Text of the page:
A running theme in this blog revolves around the growing tension between top-down control of news by a company or institution and the forces that advocate a more democratic means of interacting with one’s constituencies.

Citizen journalist evangelist Dan Gillmor, writing in the current issue of PR Week, takes Apple’s communications department to task for its heavy-handed PR approach to the recent Macworld Conference. In his column, titled “Apple’s control of information is a disservice to journalism,” Mr Gillmor opines:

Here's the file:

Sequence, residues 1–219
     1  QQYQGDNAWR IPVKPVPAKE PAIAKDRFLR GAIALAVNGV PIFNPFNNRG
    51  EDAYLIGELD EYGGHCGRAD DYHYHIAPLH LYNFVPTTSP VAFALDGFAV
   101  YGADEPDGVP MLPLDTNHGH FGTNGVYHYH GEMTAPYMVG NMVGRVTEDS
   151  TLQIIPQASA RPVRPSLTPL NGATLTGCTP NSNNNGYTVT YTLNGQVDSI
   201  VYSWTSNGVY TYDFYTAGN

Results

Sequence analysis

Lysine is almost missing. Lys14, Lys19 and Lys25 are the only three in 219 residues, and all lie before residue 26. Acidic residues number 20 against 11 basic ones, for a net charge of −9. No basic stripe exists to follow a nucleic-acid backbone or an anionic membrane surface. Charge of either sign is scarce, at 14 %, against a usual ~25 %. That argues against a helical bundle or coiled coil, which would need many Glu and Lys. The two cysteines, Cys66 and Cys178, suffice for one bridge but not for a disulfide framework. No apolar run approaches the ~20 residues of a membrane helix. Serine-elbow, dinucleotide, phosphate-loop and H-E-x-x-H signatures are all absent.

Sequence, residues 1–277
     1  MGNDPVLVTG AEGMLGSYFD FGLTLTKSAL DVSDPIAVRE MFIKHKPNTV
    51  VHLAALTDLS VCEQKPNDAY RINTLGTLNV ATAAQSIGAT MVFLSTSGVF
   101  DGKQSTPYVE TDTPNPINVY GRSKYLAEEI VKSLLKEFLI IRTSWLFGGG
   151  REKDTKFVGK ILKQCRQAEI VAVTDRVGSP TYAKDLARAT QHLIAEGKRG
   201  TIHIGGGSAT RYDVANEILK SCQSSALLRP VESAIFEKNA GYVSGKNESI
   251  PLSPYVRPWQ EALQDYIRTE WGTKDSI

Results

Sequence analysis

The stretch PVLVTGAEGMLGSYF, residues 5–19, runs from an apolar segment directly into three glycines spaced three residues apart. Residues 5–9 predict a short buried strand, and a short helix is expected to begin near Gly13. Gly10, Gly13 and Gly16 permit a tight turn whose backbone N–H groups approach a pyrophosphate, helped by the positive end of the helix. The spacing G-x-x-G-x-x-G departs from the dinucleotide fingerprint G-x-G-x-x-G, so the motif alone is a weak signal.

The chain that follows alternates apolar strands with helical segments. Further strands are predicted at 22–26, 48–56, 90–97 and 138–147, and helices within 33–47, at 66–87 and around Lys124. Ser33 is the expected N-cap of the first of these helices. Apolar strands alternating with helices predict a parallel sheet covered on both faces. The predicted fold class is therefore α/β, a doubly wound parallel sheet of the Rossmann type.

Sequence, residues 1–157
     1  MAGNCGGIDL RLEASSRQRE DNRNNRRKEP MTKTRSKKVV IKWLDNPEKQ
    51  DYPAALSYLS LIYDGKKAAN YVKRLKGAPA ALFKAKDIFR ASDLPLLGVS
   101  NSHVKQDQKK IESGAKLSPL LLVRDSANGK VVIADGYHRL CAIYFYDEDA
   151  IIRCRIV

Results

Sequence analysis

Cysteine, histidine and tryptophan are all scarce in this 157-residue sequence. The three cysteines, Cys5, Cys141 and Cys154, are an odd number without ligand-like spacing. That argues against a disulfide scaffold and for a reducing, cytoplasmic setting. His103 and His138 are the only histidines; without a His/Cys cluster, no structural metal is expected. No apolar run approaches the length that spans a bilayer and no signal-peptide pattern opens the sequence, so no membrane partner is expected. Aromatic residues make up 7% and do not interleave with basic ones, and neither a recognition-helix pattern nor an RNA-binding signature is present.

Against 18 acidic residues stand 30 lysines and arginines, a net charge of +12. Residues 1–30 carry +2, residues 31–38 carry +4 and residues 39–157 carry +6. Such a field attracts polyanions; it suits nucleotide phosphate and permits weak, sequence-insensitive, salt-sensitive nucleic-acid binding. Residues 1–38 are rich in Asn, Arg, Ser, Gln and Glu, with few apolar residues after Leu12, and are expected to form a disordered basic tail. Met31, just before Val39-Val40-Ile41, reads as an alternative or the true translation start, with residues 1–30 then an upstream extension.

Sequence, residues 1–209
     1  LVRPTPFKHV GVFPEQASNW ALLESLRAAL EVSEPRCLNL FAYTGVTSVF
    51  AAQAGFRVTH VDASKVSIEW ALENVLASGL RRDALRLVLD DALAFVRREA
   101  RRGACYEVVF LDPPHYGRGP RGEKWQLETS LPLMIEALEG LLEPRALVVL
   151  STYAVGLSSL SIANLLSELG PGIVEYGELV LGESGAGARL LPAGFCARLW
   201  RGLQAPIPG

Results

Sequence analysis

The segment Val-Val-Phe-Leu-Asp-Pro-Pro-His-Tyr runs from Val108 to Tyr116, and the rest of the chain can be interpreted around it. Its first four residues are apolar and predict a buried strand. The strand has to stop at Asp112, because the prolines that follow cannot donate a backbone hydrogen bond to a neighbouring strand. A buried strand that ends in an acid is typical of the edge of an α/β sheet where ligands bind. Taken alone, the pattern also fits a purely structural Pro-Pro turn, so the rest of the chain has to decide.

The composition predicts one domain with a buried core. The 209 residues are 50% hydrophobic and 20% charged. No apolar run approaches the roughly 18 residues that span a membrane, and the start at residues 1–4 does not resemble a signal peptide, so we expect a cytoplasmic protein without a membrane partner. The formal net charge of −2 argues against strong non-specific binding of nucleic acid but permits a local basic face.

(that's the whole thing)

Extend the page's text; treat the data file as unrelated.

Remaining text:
“The “Big Announcement” strikes me as an increasingly irrelevant tactic. There are times when it’s still a sensible idea, such as when a company is telling the world about something truly game-changing… By trying (and largely succeeding) to control every iota of information, Apple ultimately does itself no favors.”

So when is it “sensible” (to use Mr. Gillmor’s term) to mount a “big,” controlled approach? Is there room in the PR person’s toolbox for both a participatory, grassroots mode and the tried-and-true top-down strategy for making news or managing the message? What does the hybrid look like? Let me first finish Scoble and Israel’s Naked Conversations and I’ll hopefully have more on this vexing PR issue.